Megasense says it can cut the cost of optical components by "more than an order of magnitude"

January 22, 2002

2 Min Read
Dark Horse Enters MEMS Market

A dark horse in the optical components industry, Megasense Inc., yesterday announced that it had completed the construction of its MEMS (micro-electro-mechanical system) wafer fabrication facility (see MegaSense Makes Some).

Megasense was founded in late 1999 and has kept a low profile since then, starting off with plans to mass-manufacture MEMS-based sensors (hence its name) and then moving on to the idea of making telecom components instead.

A case of a solution looking for a problem? It's tough to tell, because Megasense won't say what type of components it's making, but there are least a couple of reasons why the company deserves to be taken seriously.

First, the folk running Megasense have some impressive credentials. They include Vladimir Vaganov, CEO, who was chief scientist at IC Sensors, the first company to mass produce MEMS based accelerometers. They also include Jim Northington, COO, a former VP of manufacturing operations at E-TEK Dynamics, now part of JDS Uniphase Inc. (Nasdaq: JDSU; Toronto: JDU); and Derek T. Harrar, VP of business development, formerly a VP with Morgan Stanley Dean Witter & Co.

Vaganov says the secret of success with MEMS components is a "systems approach" to manufacturing. This means designing components so they can be made in large batches using automated equipment, in a way that minimizes any work that has to be carried out on individual components.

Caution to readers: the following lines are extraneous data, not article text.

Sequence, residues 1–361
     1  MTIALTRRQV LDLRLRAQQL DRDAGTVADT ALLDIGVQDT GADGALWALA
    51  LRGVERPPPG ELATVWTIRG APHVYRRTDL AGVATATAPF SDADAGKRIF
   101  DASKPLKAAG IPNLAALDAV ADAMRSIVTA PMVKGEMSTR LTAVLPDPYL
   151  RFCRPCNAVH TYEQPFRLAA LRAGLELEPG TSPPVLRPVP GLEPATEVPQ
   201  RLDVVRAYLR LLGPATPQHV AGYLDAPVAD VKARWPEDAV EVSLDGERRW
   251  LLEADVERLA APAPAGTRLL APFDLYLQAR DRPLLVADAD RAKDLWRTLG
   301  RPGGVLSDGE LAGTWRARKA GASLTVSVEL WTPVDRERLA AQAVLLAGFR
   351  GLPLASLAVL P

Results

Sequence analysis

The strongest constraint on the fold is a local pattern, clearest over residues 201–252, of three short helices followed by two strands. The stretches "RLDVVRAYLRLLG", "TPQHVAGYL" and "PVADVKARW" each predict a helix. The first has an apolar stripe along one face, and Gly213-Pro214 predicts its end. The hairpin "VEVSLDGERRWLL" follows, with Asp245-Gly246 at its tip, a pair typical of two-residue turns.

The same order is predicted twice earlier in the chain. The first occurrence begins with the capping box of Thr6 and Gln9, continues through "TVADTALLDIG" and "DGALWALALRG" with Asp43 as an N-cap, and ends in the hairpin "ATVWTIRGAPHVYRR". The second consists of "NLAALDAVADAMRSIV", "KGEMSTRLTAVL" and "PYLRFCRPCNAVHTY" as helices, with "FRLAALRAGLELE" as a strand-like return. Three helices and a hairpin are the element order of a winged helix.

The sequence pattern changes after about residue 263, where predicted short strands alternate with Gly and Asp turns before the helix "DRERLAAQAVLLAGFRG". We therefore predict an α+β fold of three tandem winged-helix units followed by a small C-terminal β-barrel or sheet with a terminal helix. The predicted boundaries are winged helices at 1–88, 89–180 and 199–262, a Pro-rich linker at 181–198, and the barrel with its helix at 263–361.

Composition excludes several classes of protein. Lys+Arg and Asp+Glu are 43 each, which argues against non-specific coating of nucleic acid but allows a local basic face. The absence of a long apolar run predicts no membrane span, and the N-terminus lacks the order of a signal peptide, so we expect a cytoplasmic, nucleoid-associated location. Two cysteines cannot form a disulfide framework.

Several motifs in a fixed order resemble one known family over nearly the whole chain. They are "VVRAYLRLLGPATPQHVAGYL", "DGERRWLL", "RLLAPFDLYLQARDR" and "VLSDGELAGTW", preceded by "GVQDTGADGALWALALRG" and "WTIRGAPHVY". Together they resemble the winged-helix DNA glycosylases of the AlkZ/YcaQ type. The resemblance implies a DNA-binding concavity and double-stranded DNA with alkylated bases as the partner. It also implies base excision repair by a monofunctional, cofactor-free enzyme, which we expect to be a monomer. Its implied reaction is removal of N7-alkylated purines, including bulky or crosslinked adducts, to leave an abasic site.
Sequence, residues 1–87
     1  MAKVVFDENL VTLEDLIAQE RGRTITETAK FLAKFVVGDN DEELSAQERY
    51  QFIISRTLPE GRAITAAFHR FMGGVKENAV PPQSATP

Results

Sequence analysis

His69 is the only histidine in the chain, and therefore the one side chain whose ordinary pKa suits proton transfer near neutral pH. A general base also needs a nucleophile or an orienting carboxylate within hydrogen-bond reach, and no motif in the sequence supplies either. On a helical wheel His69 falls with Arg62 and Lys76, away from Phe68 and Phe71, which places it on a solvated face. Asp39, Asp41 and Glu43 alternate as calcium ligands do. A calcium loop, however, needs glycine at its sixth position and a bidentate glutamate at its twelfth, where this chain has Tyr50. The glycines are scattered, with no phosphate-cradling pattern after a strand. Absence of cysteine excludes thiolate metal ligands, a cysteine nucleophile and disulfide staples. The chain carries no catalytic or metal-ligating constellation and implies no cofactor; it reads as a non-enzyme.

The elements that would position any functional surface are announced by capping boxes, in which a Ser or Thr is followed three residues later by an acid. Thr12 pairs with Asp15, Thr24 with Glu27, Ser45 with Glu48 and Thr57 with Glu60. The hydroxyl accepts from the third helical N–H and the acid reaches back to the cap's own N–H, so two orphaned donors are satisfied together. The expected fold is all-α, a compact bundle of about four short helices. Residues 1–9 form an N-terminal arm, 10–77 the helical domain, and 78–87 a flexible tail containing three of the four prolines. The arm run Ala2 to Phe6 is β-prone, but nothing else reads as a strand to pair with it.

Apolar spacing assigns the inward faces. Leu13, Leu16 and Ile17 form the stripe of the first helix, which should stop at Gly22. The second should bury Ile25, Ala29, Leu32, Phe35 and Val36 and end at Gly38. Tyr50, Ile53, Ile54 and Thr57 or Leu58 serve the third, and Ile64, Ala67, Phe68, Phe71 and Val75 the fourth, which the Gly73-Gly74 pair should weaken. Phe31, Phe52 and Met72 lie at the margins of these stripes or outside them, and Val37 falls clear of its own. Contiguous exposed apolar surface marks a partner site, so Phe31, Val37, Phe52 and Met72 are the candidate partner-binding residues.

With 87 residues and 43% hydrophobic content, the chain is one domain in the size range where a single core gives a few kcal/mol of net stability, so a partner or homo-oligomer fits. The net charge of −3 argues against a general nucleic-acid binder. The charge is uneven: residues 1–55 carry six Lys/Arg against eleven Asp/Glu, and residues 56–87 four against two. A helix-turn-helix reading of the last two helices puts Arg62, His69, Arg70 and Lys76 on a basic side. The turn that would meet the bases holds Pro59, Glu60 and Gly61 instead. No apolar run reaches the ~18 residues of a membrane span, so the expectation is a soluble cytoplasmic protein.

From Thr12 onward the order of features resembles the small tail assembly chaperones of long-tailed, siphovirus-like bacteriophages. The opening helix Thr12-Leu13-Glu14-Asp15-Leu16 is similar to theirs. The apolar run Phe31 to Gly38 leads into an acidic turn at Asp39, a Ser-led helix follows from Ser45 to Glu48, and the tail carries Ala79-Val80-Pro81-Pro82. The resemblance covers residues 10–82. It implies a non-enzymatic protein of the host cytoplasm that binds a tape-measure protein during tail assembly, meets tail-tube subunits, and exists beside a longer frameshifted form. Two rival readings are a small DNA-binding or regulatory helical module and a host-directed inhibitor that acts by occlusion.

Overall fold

Using this approach enabled IC Sensors to churn out millions of MEMS-based accelerometers at a cost of between $5 and $8 each, according to Vaganov, who's brought a bunch of his IC Sensors colleagues with him to Megasense. If anything, the telecom components being made by Megasense are less complex and thus easier to make, Vaganov adds.

Vaganov isn't expecting to make such massive numbers of telecom components but says that he can achieve "more than a tenfold reduction" in prices. Components similar to the ones that Megasense will make currently cost about $5,000, Vaganov says. He expects to bring the price down immediately to $3,000 with low volumes, then get it down to $1,000 with "not very high volumes" and eventually get the price down to $100.

The other reason why Megasense should be taken seriously is that it's got some smart money behind it. It raised $10 million last February from Bay Partners and Texas Pacific Group, and Gordon Stitt, chairman and president of Extreme Networks Inc. (Nasdaq: EXTR), sits on the board.

"We'll probably start looking for a second round later this year," says Vaganov. He says Megasense will break even after that, and won't require a third round.

— Peter Heywood, Founding Editor, Light Reading

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